I folded the Metro Living section, and wished I didn’t still love him.

© R. S. Williams (all rights reserved)

 

Reunion in Brass and Mother-of-Pearl

Twenty-five years have passed since we last met. Strange, because it seems like just yesterday when we waved goodbye. She looked a little sad, but assured me that she’d be around whenever I needed her. No worries. She’d be right where I left her. And she meant it.

Even as she approaches her 74th birthday, she’s still radiant. Her voice remains strong and smoky. She hasn’t grown gaunt with age, as some of us do, but still weighs in at a hefty, healthy 20 pounds. She’s never been ashamed of her worn lacquer, her scratches,  her oft-repaired and dangerously thin brass. Don’t make the mistake of suggesting to her that those are flaws to be camouflaged and hidden away. Oh, no. She won’t hear of it. Those “wrinkles” mean she’s been places. She’s seen things. She has loved and been loved—and she will continue to love. She has lived fully and deeply, as most of us never will.

Does she ever think of France? Does she long for that little factory south of Paris where she came into the world, where one of Monsieur Noblet’s craftsmen  stamped “9346” in the small of her bell seam? Whenever I ask, she changes the subject.

She’d rather talk about the Rubank exercises that we both hated at first but quickly grew to love, or that grueling Dvoràk piece we aced in the winter of 1993. She gets excited when I suggest we try “Night Train” again, and pushes for a dirty, raunchy, uptempo “gut-bucket” version. She wonders why I still haven’t bought the Dukoff 10* metal mouthpiece that I wouldn’t shut up about all those years ago.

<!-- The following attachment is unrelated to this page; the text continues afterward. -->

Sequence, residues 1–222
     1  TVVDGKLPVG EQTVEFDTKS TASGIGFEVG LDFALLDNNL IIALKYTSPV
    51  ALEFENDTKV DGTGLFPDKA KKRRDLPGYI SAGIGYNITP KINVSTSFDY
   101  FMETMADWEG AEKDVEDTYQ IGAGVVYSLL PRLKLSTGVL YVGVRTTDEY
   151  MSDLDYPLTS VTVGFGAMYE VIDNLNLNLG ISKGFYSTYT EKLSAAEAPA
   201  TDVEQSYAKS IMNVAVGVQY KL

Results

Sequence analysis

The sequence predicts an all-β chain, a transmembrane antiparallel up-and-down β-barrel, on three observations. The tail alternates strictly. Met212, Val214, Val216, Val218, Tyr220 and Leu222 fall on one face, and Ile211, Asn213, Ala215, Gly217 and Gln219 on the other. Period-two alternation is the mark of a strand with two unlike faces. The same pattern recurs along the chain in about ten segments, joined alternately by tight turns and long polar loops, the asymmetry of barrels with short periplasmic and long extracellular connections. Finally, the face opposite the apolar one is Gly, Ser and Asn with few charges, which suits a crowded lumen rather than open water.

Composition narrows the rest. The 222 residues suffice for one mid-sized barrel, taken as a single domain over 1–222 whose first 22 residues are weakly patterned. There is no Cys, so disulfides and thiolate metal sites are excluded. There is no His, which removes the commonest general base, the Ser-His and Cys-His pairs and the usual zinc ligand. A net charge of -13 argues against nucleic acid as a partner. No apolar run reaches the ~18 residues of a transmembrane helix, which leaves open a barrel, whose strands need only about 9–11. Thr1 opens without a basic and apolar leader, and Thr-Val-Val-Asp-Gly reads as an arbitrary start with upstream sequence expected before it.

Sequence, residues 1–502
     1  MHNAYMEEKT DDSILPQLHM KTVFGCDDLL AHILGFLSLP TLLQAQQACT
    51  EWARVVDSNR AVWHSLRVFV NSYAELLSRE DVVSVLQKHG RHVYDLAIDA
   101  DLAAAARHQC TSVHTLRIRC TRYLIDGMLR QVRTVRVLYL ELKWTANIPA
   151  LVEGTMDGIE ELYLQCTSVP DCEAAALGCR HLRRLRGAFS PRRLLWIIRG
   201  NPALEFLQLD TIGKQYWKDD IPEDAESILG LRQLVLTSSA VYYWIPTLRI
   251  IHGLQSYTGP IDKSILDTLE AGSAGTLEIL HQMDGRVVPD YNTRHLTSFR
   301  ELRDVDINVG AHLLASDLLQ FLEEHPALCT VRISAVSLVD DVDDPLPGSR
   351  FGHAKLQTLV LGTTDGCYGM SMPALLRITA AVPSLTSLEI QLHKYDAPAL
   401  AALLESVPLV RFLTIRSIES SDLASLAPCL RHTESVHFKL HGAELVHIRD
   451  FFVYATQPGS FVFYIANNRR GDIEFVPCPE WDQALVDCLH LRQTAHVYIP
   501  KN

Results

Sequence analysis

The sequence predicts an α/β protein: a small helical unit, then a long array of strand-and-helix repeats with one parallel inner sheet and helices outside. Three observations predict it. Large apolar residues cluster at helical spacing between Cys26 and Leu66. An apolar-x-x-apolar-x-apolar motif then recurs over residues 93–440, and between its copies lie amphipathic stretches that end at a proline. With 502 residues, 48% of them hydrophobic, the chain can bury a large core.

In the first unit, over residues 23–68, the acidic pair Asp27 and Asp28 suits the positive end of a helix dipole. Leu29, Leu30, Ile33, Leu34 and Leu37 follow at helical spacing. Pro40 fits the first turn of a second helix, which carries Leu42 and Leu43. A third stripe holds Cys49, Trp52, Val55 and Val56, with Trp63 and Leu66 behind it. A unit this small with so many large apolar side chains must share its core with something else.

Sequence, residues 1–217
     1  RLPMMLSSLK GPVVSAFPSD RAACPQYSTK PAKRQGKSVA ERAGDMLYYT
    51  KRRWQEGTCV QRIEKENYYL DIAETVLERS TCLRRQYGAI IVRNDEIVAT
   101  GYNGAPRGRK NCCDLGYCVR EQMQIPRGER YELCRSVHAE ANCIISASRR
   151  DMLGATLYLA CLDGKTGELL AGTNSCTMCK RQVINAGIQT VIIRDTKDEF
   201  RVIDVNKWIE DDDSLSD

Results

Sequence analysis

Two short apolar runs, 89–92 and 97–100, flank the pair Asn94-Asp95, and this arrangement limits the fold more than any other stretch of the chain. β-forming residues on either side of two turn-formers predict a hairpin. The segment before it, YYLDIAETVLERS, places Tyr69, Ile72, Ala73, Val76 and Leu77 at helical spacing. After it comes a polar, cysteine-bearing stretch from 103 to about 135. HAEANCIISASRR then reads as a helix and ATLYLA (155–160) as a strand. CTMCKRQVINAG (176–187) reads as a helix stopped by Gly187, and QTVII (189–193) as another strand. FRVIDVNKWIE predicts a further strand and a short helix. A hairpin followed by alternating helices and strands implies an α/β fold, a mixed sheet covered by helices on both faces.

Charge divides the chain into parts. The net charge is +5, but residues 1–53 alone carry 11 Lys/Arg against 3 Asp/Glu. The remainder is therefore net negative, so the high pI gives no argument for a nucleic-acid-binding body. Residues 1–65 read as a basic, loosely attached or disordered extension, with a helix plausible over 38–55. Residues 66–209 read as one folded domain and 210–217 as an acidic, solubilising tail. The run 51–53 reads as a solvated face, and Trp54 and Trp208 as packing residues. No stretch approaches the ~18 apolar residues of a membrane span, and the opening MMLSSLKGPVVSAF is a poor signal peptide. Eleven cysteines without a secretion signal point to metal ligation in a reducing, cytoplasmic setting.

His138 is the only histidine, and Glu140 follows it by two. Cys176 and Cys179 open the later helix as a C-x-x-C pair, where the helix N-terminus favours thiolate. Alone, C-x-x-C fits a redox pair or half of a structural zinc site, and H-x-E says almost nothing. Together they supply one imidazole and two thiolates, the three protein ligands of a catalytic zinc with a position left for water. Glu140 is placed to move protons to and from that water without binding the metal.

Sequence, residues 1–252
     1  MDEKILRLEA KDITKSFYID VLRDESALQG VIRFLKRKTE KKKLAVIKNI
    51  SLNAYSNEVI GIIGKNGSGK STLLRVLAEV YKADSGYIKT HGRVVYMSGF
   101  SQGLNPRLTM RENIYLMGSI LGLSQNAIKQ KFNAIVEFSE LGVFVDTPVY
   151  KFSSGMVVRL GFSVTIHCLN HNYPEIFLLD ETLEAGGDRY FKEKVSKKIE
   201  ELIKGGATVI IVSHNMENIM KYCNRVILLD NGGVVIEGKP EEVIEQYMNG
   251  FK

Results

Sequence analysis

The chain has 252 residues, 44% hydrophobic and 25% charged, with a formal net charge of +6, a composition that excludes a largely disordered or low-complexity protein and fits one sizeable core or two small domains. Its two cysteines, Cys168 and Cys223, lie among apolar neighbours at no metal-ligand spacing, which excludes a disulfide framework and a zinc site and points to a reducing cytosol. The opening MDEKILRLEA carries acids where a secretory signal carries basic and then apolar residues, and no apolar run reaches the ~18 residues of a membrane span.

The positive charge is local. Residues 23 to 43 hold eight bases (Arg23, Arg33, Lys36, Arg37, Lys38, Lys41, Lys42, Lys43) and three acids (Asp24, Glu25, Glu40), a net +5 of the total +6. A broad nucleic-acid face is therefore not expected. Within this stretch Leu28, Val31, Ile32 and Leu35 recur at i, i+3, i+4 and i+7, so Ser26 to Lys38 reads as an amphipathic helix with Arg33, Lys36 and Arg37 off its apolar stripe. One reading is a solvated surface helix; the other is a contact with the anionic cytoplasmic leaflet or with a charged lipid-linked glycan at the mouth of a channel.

Is she protecting me? Or herself?

It doesn’t matter. She kept her decades-old promise: I needed her, and there she was. Or, rather, here she is, as patient and solid and accepting as ever. As I slowly rebuild my wind and dexterity,  she stays with me. She picks up where we left off, telling her story and mine in that steady, husky tenor—singing every note with longing, and with love.

© R. S. Williams (all rights reserved)

NOTE: I first posted this piece on 16 March 2015. It appears here today with revisions.

 

Statler and Waldorf vs. Milton Berle

When The Muppet Show was in production, I was a small child. Now that I’m an adult, I appreciate the show even more. The writers include humor for everyone.

Here’s one of my favorite clips. Statler and Waldorf, the cantankerous, heckling old farts in the balcony of the Muppet Theater, finally get the best of comedy legend Milton Berle.

The Other Vine That Ate the South

In the Deep South, spring smells like grape soda. Not name-brand grape soda, but the cheapest-of-all-cheapo-store-brands grape soda. Or perhaps it smells more like wonky year-old bubble gum, the kind that’s so powdery and bland nobody will even shoplift it off the dollar store clearance rack.